COROWA’S ICE WAR
Corowa Free Press 25.06.2014 – by Jason Marks
COROWA POLICE AT FOREFRONT
According to Corowa police, they have battled an influx of ice locally for the best part of 18 months, trying to curb the influence of this addictive drug that is crippling communities all over the country.
“We are making some inroads, but this is a battle that I think will be fought out for a long, long time,” said Sergeant Andrew Robertson of Corowa Police.
“The last 18 months we have seen an upward trend in the use of this drug and it is having a profound impact on our community.
“The rise in this drugs’ profile has been well documented and Corowa is certainly not hidden from it.”
EFFECTS OF THE DRUG
Ice produces a ‘rush’ effect that is intense, and depending on how many times it is consumed, can last between four and twelve hours.
Users experience feelings of exhilaration and increased arousal and activity levels, so much so that the body struggles to produce these feelings naturally.
When ice is used, the receptors in the brain are flooded with monoamines.
These receptors are destroyed with the more that is taken and prolonged use can lead to a point when the user no longer feels pleasure without further ice use.
NO CLEAR END TO FIGHT
Although there has been some success of late, this battle against the drug has no clear end date.
Sergeant Robertson said ice wasn’t just affecting the stereotypical drug user, but rather was being used by people “from all walks of life”.
CRIME FOLLOWS DRUG
“People you would least expect are indulging in it,” he said. According to police, in the past six months crimes that can be directly linked to the use of ice have risen dramatically, including breaking and entering and other theft related crime.
Although there has been some success of late, including a number of arrests, the issue is still a major concern for police.
“There have been some wins for police, albeit small,” Sergeant Robertson said.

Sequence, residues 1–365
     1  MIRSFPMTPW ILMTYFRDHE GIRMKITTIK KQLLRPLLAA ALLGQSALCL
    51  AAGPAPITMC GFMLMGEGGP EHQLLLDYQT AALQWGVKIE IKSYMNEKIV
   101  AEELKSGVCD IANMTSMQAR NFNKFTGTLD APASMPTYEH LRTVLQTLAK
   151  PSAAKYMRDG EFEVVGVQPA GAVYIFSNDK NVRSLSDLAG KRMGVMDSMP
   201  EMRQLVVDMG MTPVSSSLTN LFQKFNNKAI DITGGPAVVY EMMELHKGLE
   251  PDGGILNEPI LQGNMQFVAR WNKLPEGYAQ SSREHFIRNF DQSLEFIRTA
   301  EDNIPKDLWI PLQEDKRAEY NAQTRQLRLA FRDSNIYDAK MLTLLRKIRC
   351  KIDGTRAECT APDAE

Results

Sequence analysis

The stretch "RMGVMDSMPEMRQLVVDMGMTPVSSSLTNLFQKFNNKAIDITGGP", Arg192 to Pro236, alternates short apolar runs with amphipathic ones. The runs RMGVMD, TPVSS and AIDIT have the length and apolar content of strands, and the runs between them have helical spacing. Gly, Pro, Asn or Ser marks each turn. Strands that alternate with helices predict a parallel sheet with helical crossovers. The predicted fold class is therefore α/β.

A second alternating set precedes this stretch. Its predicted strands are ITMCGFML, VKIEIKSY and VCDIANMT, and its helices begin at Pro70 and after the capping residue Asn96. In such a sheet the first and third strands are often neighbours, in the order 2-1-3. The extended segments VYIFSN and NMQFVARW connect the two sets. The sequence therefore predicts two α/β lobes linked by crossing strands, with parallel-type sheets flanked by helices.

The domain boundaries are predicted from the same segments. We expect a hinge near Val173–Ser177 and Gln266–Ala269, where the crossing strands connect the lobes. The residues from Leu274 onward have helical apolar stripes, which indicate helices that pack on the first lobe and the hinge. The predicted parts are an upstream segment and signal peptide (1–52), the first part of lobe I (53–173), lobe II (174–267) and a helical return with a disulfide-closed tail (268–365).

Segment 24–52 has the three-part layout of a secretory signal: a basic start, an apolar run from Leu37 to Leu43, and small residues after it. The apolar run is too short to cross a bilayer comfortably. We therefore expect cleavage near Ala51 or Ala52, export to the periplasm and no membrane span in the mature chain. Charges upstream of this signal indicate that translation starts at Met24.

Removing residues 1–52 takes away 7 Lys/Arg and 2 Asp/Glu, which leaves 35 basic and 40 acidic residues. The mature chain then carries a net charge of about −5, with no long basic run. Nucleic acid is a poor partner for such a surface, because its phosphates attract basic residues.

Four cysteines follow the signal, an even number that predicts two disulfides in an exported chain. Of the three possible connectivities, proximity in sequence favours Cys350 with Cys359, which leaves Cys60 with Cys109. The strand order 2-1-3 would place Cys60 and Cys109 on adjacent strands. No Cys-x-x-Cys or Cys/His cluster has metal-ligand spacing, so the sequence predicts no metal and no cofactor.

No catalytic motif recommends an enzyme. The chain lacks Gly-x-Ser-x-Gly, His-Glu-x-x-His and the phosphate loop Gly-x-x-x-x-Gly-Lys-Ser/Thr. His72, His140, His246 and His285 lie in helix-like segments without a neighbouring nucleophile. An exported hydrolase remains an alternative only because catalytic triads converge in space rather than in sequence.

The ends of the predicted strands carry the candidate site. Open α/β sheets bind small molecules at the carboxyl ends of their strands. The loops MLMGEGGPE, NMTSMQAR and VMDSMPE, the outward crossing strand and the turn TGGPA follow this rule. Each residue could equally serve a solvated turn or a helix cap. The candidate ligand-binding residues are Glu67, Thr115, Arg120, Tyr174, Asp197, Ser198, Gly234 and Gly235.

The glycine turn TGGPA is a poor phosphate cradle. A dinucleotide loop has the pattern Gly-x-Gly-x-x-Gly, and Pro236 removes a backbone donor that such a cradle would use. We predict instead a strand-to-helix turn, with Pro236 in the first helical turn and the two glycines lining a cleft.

“Some arrests lately have been positive for us, but it will not immediately stop the drug trade in this region.
“Each arrest and charge is a dent in the overall trade, but the best we can do at the moment is stalling them and upset their routines.
“I don’t see the fight ending in a hurry.”
COMMUNITY CAN SUPPORT POLICE
While the fight against drugs is expected to be long and arduous, Sergeant Robertson pleaded with the community to have faith in his team’s ability to come out on top.
He said the community could also play their role in stamping out the ice issue.
“There are perceptions that police are doing nothing to stop the trend of drugs in this area, which is not the case,” Sergeant Robertson said.
“Our team, in conjunction with the Albury Drugs Unit, are working around the clock to get a positive result.
“There are instances where a case may take longer than expected, but we aim to get it right and deliver a result by putting people in front of the courts.
“This is something we have had some good success with lately, but we can’t do it alone.”
BE ALERT – REPORT THE UNUSUAL TO POLICE
Sergeant Robertson urged the community to report anything unusual they notice – regardless of how minor it might seem.
“It may seem like nothing, but it could hold the key to solving crime in this area,” he said.
“We need people to report what they see – we will decide if it has any meaning to a case or not.
“If people are meeting at strange times or in strange places, let us know.
“FIGHTING DRUGS IS A TEAM EFFORT”
“I have said it before and will say it until I go blue, fighting drugs is a team effort that we all have to chip in for.
“Getting people in front of the courts is what we do and what we hope to continue to do until it stops.
“We won’t be backing down.”
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